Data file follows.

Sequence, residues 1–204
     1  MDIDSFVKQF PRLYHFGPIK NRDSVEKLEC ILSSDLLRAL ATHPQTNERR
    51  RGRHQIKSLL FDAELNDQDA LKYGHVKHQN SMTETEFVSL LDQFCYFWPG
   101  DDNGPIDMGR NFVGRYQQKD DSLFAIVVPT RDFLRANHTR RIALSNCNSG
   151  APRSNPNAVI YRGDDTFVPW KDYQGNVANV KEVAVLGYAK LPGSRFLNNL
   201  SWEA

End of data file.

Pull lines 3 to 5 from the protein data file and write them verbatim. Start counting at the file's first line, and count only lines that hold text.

    51  RGRHQIKSLL FDAELNDQDA LKYGHVKHQN SMTETEFVSL LDQFCYFWPG
   101  DDNGPIDMGR NFVGRYQQKD DSLFAIVVPT RDFLRANHTR RIALSNCNSG
   151  APRSNPNAVI YRGDDTFVPW KDYQGNVANV KEVAVLGYAK LPGSRFLNNL